There are many different types of drugs used for hormone therapy in the treatment of prostate cancer. One of the newer classes of drugs include the GnRH antagonists. Degarelix (aka Firmagon) is the one drug in this class that is currently approved for prostate cancer.

Degarelix, like the other hormone therapy drugs, was developed to suppress testosterone. What makes this class of drugs different is that it also avoids the flare phenomenon that is observed with the GnRH agonists like Lupron.

The flare phenomenon, where the body initially pumps out additional levels of testosterone in response to the GnRH agonist being introduced before the production is cut back is very dangerous, especially for men with either very aggressive or advanced prostate cancer.   This flare, although not limited, can be negated when a GnRH drug is used along with another drug called an anti-androgen that blocks the testosterone from being able to interact with the hormone receptors. Examples of an anti-androgen drug commonly used in men undergoing hormone therapy who are still castrate responsive is Casodex, (biculamide).

However, the GnRH antagonists like degarelix has a different mode of action than the GnRH agonist. The GnRH antagonist is designed to bind to the GnRH receptors on the pituitary gonadotropin-producing cells, not stimulating an initial release of LH or FSH that causes the initial large surge in testosterone that we see with the GnRH agonists.

The FDA, because of the positive results that were demonstrated in a phase III trial approved Degarelix. The phase 3 trial consisted of 610 men with prostate cancer who were randomly assigned to receive the then investigational drug, degarelix or the standard of care, Lupron.

The trial demonstrated that degarelix, within three days of starting the drug, suppressed testosterone levels in 96 percent of the men in the trial, a result that was far superior to the alternative Leuprolide (GnRH agonists) drugs. The trial also showed that the suppression of serum testosterone levels was maintained for the duration of the 12-month trial.

There was additional data presented at the 2011 Genitourinary Cancers Symposium that showed that the incidence of PSA failure during the study on degarelix was significantly lower than that experienced by the leuprolide treatment arm.

Secondary analyses from the phase III trial data showed that there was also a greater suppression of serum alkaline phosphatase in the men who took degarelix when compared to those who took the traditional leuprolide drugs. Alkaline phosphatase is a bio-marker for bone metastases.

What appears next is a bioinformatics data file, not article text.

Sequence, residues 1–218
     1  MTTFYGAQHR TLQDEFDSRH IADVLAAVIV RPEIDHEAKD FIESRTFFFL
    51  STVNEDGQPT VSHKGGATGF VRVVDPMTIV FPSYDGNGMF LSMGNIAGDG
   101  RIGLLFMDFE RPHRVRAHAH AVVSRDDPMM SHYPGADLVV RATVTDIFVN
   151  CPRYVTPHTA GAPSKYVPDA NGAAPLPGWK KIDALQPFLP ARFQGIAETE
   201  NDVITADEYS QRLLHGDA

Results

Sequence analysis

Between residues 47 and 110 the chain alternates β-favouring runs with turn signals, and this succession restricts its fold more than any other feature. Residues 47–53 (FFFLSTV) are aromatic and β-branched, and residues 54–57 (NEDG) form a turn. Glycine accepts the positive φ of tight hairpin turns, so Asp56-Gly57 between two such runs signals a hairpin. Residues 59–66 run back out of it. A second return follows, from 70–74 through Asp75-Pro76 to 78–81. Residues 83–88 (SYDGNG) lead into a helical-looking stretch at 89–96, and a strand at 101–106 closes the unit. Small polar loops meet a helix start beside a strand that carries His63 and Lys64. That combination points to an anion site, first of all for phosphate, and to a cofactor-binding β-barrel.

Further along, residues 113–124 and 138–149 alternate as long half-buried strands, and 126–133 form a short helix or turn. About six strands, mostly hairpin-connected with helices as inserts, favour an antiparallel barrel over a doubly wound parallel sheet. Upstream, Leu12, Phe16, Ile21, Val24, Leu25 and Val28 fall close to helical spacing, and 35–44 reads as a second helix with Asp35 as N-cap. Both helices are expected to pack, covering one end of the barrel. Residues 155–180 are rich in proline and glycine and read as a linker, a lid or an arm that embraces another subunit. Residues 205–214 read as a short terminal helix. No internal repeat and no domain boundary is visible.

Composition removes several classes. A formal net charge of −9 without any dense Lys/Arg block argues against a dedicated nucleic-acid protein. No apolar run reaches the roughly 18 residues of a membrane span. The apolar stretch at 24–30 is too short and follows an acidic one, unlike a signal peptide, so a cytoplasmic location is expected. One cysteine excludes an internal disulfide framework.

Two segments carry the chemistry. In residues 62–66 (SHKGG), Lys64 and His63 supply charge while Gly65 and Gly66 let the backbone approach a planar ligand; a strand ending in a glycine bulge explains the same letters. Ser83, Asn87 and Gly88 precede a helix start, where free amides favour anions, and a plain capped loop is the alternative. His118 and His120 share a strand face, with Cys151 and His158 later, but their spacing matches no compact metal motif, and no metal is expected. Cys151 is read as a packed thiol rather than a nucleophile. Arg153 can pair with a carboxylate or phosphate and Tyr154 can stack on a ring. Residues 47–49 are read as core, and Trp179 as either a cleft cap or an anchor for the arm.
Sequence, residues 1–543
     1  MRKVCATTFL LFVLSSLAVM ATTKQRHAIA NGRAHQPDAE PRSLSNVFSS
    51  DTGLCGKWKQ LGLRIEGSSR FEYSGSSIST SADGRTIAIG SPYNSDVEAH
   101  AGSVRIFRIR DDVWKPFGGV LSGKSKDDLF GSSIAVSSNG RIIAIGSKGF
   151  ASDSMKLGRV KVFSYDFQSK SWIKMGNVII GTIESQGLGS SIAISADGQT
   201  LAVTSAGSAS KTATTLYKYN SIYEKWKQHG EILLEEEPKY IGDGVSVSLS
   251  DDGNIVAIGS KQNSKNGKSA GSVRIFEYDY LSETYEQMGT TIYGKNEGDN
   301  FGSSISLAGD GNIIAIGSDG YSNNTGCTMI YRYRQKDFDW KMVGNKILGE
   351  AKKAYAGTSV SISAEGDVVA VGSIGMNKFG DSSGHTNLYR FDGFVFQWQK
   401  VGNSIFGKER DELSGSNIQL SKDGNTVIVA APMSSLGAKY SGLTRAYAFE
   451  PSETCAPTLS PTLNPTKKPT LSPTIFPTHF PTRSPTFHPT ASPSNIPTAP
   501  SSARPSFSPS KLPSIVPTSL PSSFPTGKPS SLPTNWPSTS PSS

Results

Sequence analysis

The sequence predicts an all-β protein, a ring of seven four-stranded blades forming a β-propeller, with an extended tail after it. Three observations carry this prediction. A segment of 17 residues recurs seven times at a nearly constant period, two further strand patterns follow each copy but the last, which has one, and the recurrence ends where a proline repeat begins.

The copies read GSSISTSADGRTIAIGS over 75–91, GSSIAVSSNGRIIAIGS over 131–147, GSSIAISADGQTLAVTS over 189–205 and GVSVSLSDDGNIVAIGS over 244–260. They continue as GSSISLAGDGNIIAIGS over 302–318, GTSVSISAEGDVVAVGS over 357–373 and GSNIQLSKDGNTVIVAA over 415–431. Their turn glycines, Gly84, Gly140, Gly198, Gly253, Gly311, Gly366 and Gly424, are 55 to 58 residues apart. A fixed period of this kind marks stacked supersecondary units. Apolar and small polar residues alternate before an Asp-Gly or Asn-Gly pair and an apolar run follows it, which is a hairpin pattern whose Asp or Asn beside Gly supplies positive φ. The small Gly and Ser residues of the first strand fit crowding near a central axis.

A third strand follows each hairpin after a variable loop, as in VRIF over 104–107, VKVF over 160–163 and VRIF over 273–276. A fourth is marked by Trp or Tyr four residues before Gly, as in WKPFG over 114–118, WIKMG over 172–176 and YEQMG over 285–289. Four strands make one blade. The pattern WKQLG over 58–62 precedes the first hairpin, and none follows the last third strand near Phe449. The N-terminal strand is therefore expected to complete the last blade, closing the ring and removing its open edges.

However, it isn’t clear if greater control of serum alkaline phosphatase translates into better control of skeletal metastasis, but it might.

One of the biggest down sides of degarelix is the frequent local injection site reactions that can be very painful experienced by many men taking degarelix. This complication was much more common in men taking degarelix then the leuprolide drugs.


A secondary analysis of cardiovascular complications in the phase III trial found a similar cardiovascular safety profile for both degarelix and leuprolide drugs.


There was a follow up study where those men who were initially assigned to the experimental degarelix group were continued on maintenance therapy for up to five years, and those originally assigned to the standard of care, the leuprolide group were given the opportunity to cross over to degarelix (take degarelix instead of the leuprolide).


They found that the treatment with degarelix was well tolerated during this maintenance phase and testosterone suppression was sustained throughout this period.


In an individual patient meta-analysis of randomized trials comparing degarelix with either leuprolide or goserelin in 1925 men in five trials it was found that progression-free survival was longer in those treated with degarelix. These results do need to be taken with a little grain of sand as the treatment in these trials was limited to either 3 or 12 months, and there were only four deaths due to prostate cancer in this time period.


When you decide on what might be the best drug for you, you should also remember that degarelix must be given like clock work every thirty days. Since the alternative drugs can be given in one month, three month or six month doses you should consider your ability and willingness to go to the doctor every 30 days to get the degarelix if you decide it is your drug of choice.


Degarelix does seem to be a superior drug, but its economic costs are also higher.

Deciding which drug you takes needs a careful conversation with your doctor as well as a conversation with your insurance company.